Using GPS tracking information, cell phone call data, and other evidence to show that a man killed in an accident while driving home from work in a company truck wasn’t within the “course and scope” of the employment when he was killed, Goldberg Segalla partner Gregory S. Horner successfully defended the man’s employer against a death claim brought by his widow.
In its March 2019 decision upholding the North Carolina Industrial Commission’s denial of the workers’ compensation claim, the state Court of Appeals cited a lack of evidence for the plaintiff’s argument that driving the truck fell within the contractual-duty or traveling-salesman exceptions to the “going-and-coming” rule. Instead, the use of the truck was permissive and gratuitous, the court found. In addition, GPS tracking and cell phone call data Greg introduced showed that the man wasn’t working at the time of his fatal accident.
Greg’s successful defense of this employer is a testament to his extensive experience handling workers’ compensation cases. The leader of Goldberg Segalla’s workers’ compensation practice in North Carolina, he primarily represents self-insured retention employers and government entities, and he routinely counsels his clients and provides them with effective strategies to reduce or eliminate their exposure.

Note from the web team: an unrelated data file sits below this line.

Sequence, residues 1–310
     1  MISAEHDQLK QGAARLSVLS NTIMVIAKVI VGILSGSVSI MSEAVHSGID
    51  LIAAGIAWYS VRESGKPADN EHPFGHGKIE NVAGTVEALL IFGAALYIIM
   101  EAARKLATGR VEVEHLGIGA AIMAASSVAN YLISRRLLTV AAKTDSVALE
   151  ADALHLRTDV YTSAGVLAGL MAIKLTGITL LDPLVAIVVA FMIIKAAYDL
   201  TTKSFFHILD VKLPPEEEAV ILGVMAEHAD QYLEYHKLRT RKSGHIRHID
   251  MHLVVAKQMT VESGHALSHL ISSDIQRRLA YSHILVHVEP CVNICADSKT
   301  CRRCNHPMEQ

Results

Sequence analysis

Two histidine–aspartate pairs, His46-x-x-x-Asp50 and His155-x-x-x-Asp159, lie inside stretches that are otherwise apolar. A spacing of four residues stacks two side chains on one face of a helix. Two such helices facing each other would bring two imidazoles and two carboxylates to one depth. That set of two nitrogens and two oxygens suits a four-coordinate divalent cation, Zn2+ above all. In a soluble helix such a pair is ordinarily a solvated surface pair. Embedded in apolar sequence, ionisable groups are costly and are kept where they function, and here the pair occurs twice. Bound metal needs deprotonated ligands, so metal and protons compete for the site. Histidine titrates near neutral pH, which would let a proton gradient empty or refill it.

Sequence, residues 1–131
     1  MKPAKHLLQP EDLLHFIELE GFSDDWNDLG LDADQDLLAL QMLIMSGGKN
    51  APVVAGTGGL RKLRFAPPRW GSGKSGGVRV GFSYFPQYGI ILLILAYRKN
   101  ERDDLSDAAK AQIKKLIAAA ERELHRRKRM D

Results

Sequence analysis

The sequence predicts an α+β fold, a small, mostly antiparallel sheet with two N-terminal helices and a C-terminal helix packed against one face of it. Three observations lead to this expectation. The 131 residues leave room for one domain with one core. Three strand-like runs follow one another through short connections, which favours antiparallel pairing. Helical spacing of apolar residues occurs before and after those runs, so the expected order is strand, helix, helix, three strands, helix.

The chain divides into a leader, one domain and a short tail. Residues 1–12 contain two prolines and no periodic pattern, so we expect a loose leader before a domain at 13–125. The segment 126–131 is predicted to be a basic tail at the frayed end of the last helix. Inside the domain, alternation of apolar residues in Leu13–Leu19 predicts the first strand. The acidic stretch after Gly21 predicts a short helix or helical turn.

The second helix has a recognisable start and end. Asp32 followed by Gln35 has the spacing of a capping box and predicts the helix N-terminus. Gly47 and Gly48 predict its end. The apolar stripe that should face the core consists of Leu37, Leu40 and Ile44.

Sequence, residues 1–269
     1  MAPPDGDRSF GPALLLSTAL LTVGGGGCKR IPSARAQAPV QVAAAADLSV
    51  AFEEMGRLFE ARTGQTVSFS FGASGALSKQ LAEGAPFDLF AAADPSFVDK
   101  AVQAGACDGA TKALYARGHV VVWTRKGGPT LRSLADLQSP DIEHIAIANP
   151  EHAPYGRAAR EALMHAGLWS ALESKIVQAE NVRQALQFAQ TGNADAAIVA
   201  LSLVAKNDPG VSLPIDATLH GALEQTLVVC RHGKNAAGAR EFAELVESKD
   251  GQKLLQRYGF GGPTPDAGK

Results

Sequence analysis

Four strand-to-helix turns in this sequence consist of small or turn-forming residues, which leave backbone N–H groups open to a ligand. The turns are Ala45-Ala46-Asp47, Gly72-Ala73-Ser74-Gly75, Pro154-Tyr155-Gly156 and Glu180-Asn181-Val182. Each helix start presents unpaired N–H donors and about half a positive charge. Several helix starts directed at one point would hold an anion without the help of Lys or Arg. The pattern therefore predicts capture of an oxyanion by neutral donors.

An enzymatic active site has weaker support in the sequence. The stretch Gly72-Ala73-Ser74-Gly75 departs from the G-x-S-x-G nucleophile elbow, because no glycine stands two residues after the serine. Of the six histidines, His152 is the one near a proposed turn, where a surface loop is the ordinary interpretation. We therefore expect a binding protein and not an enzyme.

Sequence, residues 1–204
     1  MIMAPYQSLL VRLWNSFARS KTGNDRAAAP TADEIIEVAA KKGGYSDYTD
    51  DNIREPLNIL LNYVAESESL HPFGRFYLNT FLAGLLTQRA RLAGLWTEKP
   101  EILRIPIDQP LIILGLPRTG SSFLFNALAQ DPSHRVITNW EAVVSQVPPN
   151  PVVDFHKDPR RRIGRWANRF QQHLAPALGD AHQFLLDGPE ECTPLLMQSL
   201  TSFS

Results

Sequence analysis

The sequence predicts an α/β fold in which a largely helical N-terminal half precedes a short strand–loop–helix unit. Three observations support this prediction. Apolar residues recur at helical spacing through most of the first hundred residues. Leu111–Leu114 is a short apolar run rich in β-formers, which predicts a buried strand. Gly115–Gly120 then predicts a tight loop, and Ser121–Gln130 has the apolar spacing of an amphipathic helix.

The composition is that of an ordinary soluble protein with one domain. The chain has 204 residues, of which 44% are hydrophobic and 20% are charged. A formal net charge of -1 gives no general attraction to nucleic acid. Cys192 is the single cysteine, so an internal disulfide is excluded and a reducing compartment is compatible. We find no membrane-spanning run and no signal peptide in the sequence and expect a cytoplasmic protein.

Greg’s mission and that of all the other attorneys in Goldberg Segalla’s Workers’ Compensation Practice Group is to achieve significant and sustainable reductions to the overall expense of each client’s workers’ compensation program. Our commitment to this mission — and our success in efficient file handling as well as long-range strategic risk-management — has earned us a national reputation for exceeding our clients’ expectations and driving positive change in the practice of workers’ compensation law.